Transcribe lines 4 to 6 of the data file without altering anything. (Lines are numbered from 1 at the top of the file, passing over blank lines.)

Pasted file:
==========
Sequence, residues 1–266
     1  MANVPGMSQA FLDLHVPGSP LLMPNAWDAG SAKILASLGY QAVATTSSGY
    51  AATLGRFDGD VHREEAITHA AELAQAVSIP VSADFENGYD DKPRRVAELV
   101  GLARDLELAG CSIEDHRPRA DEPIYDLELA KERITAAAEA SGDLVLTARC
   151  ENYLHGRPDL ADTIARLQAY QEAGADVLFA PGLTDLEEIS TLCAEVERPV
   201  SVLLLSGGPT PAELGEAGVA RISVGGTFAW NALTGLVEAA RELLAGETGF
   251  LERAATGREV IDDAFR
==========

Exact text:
   101  GLARDLELAG CSIEDHRPRA DEPIYDLELA KERITAAAEA SGDLVLTARC
   151  ENYLHGRPDL ADTIARLQAY QEAGADVLFA PGLTDLEEIS TLCAEVERPV
   201  SVLLLSGGPT PAELGEAGVA RISVGGTFAW NALTGLVEAA RELLAGETGF